- Remove loose dirt from the rhizome by shaking it gently or washing it with a garden hose.
- Separate the clump into pieces with a few healthy-looking shoots by pulling them apart with your hands.
- Replant the divided roots to their new location immediately to prevent them from drying out.
Should I remove my black eyed Susans after flowering?
You have a couple of different options for how to treat your flowers after they’ve finished bloom. Both options are easy to implement; it just depends on what your goals are.
Leaving black-eyed Susans in place
If you are happy with your black-eyed Susans and would like an even more impressive display next year, you can leave them where they are.
Black-eyed Susans are eager to please, so will spend the time between flowering seasons spreading out underground. Their roots will spread, and each new season, your clump of flowers will be a bit wider.
If you are happy with a blanket of these stunning yellow blooms, by all means, leave them in place. If you don’t want a massive display of their bright flowers the following year, you will need to remove the whole plant once flowering has finished in early fall.
Removing plants after flowering
To prevent your black-eyed Susans from spreading, you will need to remove the whole plant by cutting the flower stems and digging up the root system.
The rhizome will need to be removed entirely. Even a small part left behind will try to find new places to send its roots and shoots.
To remove your rhizome, first cut off the flower stems. Next, you will need to dig up the roots using a spade or trowel. Finally, gently brush away the earth until you find the rhizome (it will look a little like a piece of root ginger). When you have found the rhizome, gently lift it from the earth, being sure not to leave any parts behind.
Don’t forget to prevent the flowers from turning to seed heads if you want to completely avoid any new black-eyed Susan plants from sprouting in a particular area.
Are black-eyed Susans considered invasive?
Although they are efficient spreaders, black-eyed Susans are not considered an invasive species. After four years or so, the plants will slow their spread as their root system becomes tangled and matted, and the plant will more or less stay in its current location.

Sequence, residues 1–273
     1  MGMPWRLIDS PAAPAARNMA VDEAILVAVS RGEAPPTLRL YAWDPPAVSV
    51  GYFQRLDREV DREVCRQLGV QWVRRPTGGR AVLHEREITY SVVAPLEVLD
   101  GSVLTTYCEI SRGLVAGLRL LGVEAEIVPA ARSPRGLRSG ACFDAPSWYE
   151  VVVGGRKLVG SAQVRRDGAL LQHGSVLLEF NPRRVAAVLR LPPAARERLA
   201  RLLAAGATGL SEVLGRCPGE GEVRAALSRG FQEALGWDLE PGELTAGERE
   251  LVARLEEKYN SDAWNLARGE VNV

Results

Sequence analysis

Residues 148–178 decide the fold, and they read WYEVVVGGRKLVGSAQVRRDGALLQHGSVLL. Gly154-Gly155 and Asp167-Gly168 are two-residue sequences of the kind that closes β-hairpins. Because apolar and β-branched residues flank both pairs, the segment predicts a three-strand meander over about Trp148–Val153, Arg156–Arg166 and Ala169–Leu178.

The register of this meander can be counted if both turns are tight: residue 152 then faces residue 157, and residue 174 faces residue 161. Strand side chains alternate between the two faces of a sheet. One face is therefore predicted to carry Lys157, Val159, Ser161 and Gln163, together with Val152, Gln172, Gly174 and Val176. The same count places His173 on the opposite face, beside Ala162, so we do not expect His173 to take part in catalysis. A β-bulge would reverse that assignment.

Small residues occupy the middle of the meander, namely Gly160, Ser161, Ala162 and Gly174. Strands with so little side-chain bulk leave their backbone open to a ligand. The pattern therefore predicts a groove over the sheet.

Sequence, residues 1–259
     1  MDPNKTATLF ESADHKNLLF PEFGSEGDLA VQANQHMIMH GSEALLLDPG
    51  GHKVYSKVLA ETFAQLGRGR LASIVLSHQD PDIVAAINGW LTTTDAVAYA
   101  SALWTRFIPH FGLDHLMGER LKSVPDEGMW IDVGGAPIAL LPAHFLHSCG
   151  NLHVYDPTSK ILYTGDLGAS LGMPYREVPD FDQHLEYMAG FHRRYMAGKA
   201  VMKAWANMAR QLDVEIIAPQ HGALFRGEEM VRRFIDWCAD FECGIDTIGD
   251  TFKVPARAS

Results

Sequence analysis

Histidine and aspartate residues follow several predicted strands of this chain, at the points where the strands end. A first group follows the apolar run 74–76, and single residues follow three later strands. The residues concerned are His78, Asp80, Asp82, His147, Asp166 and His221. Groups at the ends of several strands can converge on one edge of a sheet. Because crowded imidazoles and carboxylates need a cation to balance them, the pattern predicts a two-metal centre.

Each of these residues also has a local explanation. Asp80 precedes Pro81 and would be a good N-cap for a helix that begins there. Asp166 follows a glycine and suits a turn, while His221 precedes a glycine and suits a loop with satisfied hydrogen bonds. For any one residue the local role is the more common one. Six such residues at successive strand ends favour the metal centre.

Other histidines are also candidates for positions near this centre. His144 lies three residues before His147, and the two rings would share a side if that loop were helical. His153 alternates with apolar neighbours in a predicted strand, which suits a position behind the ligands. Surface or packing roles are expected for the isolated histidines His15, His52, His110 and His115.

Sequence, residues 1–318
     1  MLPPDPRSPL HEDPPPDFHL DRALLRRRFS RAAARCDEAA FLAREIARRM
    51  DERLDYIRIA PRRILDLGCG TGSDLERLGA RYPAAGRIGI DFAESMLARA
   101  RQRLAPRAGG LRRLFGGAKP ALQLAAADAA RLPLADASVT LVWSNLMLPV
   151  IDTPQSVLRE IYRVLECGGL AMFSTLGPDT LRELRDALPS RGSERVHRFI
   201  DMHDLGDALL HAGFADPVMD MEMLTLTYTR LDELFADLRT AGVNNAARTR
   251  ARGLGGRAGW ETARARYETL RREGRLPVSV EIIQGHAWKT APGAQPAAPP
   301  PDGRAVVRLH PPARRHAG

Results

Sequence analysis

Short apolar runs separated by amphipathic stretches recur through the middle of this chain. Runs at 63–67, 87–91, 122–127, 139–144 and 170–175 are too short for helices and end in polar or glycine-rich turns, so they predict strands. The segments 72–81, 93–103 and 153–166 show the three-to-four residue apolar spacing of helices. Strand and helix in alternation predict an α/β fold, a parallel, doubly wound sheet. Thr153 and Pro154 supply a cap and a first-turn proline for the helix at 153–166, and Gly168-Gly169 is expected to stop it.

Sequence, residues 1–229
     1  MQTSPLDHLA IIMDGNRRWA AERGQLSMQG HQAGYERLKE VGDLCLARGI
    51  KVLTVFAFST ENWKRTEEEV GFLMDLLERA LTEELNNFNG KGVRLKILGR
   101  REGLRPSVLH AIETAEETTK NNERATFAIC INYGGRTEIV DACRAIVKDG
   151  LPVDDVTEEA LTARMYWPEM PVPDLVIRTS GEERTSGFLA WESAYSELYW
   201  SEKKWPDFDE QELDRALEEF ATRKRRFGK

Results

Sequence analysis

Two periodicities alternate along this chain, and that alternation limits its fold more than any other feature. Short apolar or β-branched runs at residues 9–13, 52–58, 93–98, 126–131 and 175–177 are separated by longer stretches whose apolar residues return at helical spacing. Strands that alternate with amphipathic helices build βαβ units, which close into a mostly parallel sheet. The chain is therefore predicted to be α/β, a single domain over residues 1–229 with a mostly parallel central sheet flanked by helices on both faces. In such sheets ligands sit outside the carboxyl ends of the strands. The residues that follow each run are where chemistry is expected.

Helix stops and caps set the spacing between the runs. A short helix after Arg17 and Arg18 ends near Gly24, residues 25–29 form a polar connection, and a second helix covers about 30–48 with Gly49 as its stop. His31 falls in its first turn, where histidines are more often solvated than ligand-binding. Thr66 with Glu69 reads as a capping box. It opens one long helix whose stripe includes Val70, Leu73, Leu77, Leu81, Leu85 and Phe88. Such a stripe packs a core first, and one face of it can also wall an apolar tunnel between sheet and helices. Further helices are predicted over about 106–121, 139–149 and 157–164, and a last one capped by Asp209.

That doesn’t mean the flower won’t continue to self-sow by dropping seeds each fall, so if you don’t want that spread, be sure to remove old flowers as they convert from flowers to seed heads.
Learn more about black-eyed Susans
If you’re new to growing these beauties, here are a few more resources to help you start on the right foot:
- Black Eyed Susan: A Complete Guide To Growing
- Black Eyed Susan: First Year Blooms & Other Flowering Questions
- What’s Wrong With Your Black-Eyed Susans? (Keep Your Plant Healthy)
My favorite flower gardening books
- If you’re new to cut flower gardening, Floret Farm’s Cut Flower Garden should be first on your reading list. Plant profiles, seasonal tasks, and arrangement tutorials will get anyone started with growing their own bouquets.
- Vegetables Love Flowers will show you how effective companion planting can be for adding plant diversity, attracting pollinators and birds, and squeezing a few more plants into your garden space.
- If you need some science to inspire your planting combinations, check out Plant Partners: Science-Based Companion Planting Strategies for the Vegetable Garden. Never a better reason to grow some flowers!